Today we’d like to introduce you to Marina Santana.
So, before we jump into specific questions about the business, why don’t you give us some details about you and your story.
I have a small group of friends that I met as an undergrad many moons ago, and we are very open with each other. We talk about everything. We’ve seen each other naked. I recall one conversation about our bodies that transitioned into a conversation about genitalia. Hearing the uniqueness in each description was interesting but what sparked it for me was that the majority of the group spoke with a tone of self-consciousness. Even some words they chose in describing their genitalia were negative. Words like, “weird” and “strange.” It was either a negative description, or they had never seen their vulva! This was the moment when the seed of my idea began to grow.
I first started the work that I do now when I was an undergrad, so the studio was very communal and had plenty of foot traffic. Interestingly, when someone would see me making different body parts, I would receive a mixture of positive and negative responses that ranged from verbal to body language. Most people would look or stare from afar, “discreetly” talking to the person next to them. Who knows what those people said. Reactions have ranged from negative to positive, but I’ve learned not to let it get to me. If it gets people talking, good or bad, I am satisfied.
I wouldn’t be where I am with the support from friends and the sex-positive art community. It’s all about support. If you are financially able then, by all means, buy an art piece! Another big way to support is by attending open studios, art walks, and gallery openings; and not just my own, any local artist. If you can’t purchase a piece by the artist, even just telling them how much you like their work, either in person or via social media, is another way to show your support. I can’t express how much embracing technology is another way to help support the local arts community.
Writing about an artist’s work on your blog, sharing one of their pieces on social media, or re-tweeting their posts to your Twitter followers, you are helping to provide them with exposure, which is priceless. I genuinely hope that my work can start a meaningful discourse, educate about human sexuality, and most importantly, be empowered.
Overall, has it been relatively smooth? If not, what were some of the struggles along the way?
I personally believe that being a female artist is a huge challenge especially since it’s a male-dominated field. Women have been in the arts for decades, but only a small percentage are recognized or even represented in galleries and museums. If you want to know about gender inequity in contemporary galleries, I highly encourage you to check out the Gallery Tally which is Micol Hebron’s collaborative poster project.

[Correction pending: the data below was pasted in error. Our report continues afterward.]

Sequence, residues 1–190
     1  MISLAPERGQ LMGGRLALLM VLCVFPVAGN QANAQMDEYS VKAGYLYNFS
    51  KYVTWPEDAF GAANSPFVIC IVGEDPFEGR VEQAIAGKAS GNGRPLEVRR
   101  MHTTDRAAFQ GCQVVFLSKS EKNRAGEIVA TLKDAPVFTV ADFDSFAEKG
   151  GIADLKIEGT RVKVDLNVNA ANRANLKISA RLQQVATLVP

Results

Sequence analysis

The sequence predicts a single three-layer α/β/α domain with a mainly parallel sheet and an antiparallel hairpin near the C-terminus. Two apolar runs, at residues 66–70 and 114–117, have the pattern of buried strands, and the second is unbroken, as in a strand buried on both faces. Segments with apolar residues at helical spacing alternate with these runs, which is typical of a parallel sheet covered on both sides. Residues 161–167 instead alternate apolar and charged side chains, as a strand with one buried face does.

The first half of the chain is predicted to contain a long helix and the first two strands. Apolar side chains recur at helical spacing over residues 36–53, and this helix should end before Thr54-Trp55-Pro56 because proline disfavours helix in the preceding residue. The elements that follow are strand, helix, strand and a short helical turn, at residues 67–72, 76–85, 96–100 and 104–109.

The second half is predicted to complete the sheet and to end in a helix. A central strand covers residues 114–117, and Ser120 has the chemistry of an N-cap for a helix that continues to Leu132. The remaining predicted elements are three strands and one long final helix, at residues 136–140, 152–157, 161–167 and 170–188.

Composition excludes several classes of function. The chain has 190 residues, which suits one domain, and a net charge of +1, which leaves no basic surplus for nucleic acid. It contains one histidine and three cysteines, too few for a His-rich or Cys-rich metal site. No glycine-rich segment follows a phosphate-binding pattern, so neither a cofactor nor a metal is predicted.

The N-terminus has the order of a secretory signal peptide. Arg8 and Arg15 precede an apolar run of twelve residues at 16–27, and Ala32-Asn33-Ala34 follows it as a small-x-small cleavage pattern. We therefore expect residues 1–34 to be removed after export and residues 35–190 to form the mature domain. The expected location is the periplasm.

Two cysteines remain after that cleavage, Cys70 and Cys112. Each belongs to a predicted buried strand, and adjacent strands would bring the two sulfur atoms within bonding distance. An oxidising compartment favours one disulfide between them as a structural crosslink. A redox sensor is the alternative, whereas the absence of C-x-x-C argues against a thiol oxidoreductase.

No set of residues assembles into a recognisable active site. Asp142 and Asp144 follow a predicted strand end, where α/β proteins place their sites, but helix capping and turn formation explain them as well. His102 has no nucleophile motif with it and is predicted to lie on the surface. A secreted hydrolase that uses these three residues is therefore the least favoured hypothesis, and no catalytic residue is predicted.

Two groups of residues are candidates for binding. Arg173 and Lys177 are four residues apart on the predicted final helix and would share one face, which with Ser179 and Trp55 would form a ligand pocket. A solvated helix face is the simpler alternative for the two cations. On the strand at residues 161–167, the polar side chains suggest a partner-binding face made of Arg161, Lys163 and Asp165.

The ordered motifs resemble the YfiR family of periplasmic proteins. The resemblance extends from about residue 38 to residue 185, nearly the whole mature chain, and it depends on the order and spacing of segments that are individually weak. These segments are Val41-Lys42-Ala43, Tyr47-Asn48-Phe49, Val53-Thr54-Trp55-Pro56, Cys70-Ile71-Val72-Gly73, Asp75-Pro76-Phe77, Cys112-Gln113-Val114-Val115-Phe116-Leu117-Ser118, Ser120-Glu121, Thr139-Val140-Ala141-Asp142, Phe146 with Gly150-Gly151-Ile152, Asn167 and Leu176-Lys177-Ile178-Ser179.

There are so many artists going through similar situations. I want to send a message to everybody, not just women. Another challenge I face is juggling. By that, I mean most artists have to juggle all aspects of art. Art is very time-consuming on all levels. I’m constantly researching for inspiration. Through books, journals, music, film, learning new techniques, attending lectures, it is a beast that needs feeding regularly.
We’d love to hear more about what you do.
My oeuvre focuses on how in Western society, sex is seen either as a taboo or a marketing ploy and I want to showcase that it can actually be a relatable and beautiful thing through my artwork. Even though all of our intimate experiences are unique, we empathize with them one way or another. That is why I share my experiences and thoughts into them.
I work in a myriad of materials from ceramics, plaster, body casting, metal, video, and even performance. Because of this, I’ve been particularly influenced by Craig Owens postmodern theory of the deconstruction of an idea or thought of society, to better critically analyze modern assumptions. From there, I create work that is a visual interpretation of this critical deconstruction and begin rebuilding, to create something that is not in stasis but rather changing, evolving, progressing for better or worse.
With Owens’s theories of allegory and postmodernism in combination with a personal narrative, I attempt to visualize contemporary society as a whole and its effects on the individual. I would like to see how the individual, in turn, affects the structure of the whole, how personal narratives add up to change and shape the overall structure. This also provides an opportunity for individual connection or interpretation of the piece.
This society that I am attracted to is Western media’s profound effect on people, particularly women, and the way that they perceive themselves, their bodies, and sex. I want to communicate with my viewers that they should not be shy with sex, art, and most importantly — themselves. Within the art department, if someone sees an art piece of a penis or vulva, they assume it’s my creation. So I guess that’s what I’m known for and it’s a compliment! haha
If you had to go back in time and start over, would you have done anything differently?
If I had Doctor Strange’s Eye of Agamotto to go back in time, I would have started taking psychology classes sooner just to strengthen my oeuvre compared to where it is now. I’m currently collaborating with Dr. Pamela Regan through the Psychology department of CSULA, and it’s amazing! She is full of knowledge and an inspiration for what I do.
- Website: bloodtearsandlipstick.com
- Email: firstname.lastname@example.org
- Instagram: marinasjouissance
Sierra Raine White